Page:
The department stated that the resolution acknowledges the significance of the order issued by the International Court of Justice (ICJ) regarding provisional measures in the case brought by South Africa against Israel concerning the application of the Convention on the Prevention and Punishment of the Crime of Genocide.

South Africa, the department said, believes that it is only through ensuring accountability and justice that the impunity accorded to Israel that has entrenched the ongoing unlawful occupation can finally be brought to an end.

“It, therefore, remains crucial that Israel respects and implements the ICJ’s orders, together with United Nations Security Council Resolution 2728 (2024) demanding an immediate and lasting ceasefire, which Resolution A/HRC/L.30 will no doubt contribute to its securing.”

During the debate on the resolution, South Africa’s Permanent Representative, Ambassador Mxolisi Nkosi, stated: “The international community can no longer choose to apply a parallel system of international law to Israel, nor can we be complicit in facilitating its actions. For international law to be credible, it must be uniformly applied and serve the victims designed to protect.”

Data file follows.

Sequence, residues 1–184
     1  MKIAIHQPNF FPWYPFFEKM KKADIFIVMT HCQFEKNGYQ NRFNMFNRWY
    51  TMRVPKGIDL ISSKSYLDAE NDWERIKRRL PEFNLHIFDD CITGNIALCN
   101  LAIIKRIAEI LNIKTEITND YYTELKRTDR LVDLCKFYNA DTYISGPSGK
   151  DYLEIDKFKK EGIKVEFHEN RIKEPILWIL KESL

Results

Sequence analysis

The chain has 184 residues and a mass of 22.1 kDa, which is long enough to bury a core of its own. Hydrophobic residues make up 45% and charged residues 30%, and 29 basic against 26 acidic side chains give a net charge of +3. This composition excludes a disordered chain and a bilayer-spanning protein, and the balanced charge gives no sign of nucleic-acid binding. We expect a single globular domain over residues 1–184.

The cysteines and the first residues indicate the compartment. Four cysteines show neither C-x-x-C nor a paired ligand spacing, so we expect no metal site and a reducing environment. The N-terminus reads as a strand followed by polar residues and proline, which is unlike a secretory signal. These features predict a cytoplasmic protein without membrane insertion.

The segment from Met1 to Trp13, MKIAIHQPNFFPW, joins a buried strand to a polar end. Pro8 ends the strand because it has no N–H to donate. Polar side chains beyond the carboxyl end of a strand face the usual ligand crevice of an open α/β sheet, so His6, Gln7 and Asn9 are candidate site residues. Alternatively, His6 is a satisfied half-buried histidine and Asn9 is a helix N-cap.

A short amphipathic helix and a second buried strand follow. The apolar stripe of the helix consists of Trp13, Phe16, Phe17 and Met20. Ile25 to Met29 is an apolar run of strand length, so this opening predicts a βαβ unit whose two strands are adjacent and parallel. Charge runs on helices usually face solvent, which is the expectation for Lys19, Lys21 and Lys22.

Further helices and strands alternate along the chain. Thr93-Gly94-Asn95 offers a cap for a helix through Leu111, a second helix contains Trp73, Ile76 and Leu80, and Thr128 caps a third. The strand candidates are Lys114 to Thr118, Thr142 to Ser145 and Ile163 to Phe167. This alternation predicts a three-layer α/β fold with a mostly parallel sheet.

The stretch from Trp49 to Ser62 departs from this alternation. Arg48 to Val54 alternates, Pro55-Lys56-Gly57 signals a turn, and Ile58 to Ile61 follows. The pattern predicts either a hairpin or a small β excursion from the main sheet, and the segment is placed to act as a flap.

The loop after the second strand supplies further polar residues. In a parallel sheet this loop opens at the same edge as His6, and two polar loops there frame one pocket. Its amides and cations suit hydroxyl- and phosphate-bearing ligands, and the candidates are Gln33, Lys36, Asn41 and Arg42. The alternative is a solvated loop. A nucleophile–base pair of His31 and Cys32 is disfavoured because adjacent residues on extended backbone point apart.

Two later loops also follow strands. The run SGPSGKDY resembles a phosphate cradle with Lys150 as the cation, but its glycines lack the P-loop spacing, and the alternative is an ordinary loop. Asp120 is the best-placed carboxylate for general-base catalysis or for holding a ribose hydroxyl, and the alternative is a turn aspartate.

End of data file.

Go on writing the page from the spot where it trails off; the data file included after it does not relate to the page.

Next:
– Source:

Professor Zukiswa Zingela was re-elected to the International Narcotics Control Board (INCB) in a highly competitive election, via the category of member states which had 25 candidates contesting five seats.
The INCB is an independent, quasi-judicial expert body tasked with assisting member states to comply with their obligations in terms of the three international drug control conventions, to ensure that adequate supplies of drugs are available for medical and scientific purposes while preventing their diversion into the illicit market

The South African Government endorsed the nomination and re-election of Professor Zingela to the INCB for a five-year term, from 2025 to 2030. Prof. Zingela has been a member of the INCB since 2020 through her nomination by the World Health Organisation for a five-year term which ends in 2025. She is the Second Vice-President of the INCB and Chair of the Standing Committee on Estimates. She was appointed as the board’s First Vice-President in 2022, Vice-Chair in 2021 and a member of the Standing Committee on Estimates in 2020. She chaired the Working Group on Availability from 2021 until 2023.
Prof. Zingela is the Executive Dean, Faculty of Health Sciences at Nelson Mandela University and the previous Head of Psychiatry and Behavioural Sciences at Nelson Mandela Academic Hospital and Walter Sisulu University. She is a member of the Medical and Dental Board of the Health Professions Council of South Africa. She is a registered specialist psychiatrist with more than two decades of experience in the profession and a strong history of teaching, research and mentorship as well as research and leadership in the area of substance use and addictions in psychiatry.